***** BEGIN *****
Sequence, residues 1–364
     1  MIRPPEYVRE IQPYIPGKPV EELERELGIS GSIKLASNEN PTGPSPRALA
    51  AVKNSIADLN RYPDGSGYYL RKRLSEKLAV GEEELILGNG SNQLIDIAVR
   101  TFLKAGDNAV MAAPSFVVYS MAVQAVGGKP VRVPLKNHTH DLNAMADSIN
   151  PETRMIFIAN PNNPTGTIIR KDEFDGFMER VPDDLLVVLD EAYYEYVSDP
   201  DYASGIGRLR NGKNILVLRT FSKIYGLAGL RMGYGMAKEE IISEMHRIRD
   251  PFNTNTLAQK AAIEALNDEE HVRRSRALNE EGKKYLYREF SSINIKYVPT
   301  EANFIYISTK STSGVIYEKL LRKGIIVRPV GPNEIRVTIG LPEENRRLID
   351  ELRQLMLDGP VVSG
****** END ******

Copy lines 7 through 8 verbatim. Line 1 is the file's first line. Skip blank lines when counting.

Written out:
   251  PFNTNTLAQK AAIEALNDEE HVRRSRALNE EGKKYLYREF SSINIKYVPT
   301  EANFIYISTK STSGVIYEKL LRKGIIVRPV GPNEIRVTIG LPEENRRLID